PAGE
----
tried to infer any kind of meaning at all yet. What’s the point of lexing vs parsing? Output of lexing is terminals of the grammar used by the parser. Lexer sets the parser up for success. Makes the formalism possible.
  40. Lexer (inc -1) “(“ “inc” “-1” “)” LeftParenthesis Identifier(“inc”) LiteralInt(-1)

    RightParenthesis Start with this, transform to (click). Haven’t tried to infer any kind of meaning at all yet. What’s the point of lexing vs parsing? Output of lexing is terminals of the grammar used by the parser. Lexer sets the parser up for success. Makes the formalism possible.
  41. Lexer ( -1) Possible errors: Something which doesn’t fit the

    lexical grammar, and also can’t be recognized as a terminal for the parsing grammar.
  42. Lexer let rec private lexChars (source: char list) : Lexeme

    list = match source with | '(' :: rest !→ LeftParenthesis :: lexChars rest | ')' :: rest !→ RightParenthesis :: lexChars rest | '"' :: rest !→ lexString(rest, "") | c :: rest when isIdentifierStart c !→ lexName (source, "") | d :: rest when System.Char.IsDigit d !→ lexNumber(source, "") | [] !→ [] | w :: rest when System.Char.IsWhiteSpace w !→ lexChars rest | c :: rest !→ Unrecognized c :: lexChars rest I write all of my compiler code as purely functional. Most example compiler code requires understanding the state of the compiler as well as the behavior of the code. You can understand this code from the code alone. There is no state at all to know. Lexer is recursive: Look at first char, decide what to do, then repeat.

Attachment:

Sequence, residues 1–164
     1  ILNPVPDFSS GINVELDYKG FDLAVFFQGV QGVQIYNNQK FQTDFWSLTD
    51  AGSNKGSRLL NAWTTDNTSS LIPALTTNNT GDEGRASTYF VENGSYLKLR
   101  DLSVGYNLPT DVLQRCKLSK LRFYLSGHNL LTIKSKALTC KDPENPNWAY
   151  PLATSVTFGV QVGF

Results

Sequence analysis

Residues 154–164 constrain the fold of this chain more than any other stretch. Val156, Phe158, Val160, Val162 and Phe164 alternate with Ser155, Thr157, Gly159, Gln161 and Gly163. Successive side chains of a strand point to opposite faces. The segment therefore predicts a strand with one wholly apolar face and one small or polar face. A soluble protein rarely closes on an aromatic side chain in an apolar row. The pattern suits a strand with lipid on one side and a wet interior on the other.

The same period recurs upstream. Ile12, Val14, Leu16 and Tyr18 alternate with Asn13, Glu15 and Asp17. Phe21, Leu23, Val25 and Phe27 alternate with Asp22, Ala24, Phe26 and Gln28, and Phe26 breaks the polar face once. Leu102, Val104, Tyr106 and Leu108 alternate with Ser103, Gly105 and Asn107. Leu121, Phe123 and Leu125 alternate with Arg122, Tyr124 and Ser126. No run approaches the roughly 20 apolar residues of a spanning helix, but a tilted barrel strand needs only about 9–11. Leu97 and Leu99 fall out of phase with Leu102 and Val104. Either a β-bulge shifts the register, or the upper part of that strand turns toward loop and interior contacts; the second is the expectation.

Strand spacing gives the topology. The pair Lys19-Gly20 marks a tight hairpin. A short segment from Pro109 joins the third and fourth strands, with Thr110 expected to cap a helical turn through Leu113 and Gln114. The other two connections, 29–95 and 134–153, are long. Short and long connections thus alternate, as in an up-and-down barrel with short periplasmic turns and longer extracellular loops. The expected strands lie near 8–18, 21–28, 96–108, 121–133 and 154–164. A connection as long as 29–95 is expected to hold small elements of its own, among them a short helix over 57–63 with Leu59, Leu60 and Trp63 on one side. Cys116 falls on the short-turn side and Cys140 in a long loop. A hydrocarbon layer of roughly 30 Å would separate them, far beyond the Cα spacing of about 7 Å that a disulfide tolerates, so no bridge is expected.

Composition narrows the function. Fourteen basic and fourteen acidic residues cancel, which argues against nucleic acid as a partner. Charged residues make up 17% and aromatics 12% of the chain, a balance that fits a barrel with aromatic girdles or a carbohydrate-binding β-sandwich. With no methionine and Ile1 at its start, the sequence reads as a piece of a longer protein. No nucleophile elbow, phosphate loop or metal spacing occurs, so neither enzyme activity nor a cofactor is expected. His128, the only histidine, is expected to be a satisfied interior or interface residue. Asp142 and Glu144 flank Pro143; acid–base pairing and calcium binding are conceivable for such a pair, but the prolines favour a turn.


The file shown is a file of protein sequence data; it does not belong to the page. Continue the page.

43. Lexer http://stackoverflow.com/questions/1732348/regex-match-open-tags-except-xhtml-self-contained-tags Counterexamples: The thing you must know about lexing

    is when not to use it. You can’t parse XML with a regex. The user experience for validation should be gently helping the user to avoid fat fingers and submit correct data.
  44. Lexer http://www.regular-expressions.info/email.html “So even when following official standards, there are

    still trade-offs to be made. Don't blindly copy regular expressions from online libraries or discussion forums.” -Jan Goyvaerts, regular-expressions.info Don’t piss them off by telling them they’ve misspelt their Irish surname or that their real email address is “invalid.” Don’t validate a grammar (like email addresses) with a lexer/regex.
  45. Parser What Problem Are We Solving? Sequence of tokens →

    Syntax tree Non-Compiler Example Deserialization The lexer produces a sequence of tokens. We want to turn that into an abstract syntax tree, respecting operator precedence.
  46. PEMDAS 1 + 2 * 3 1 + (2 *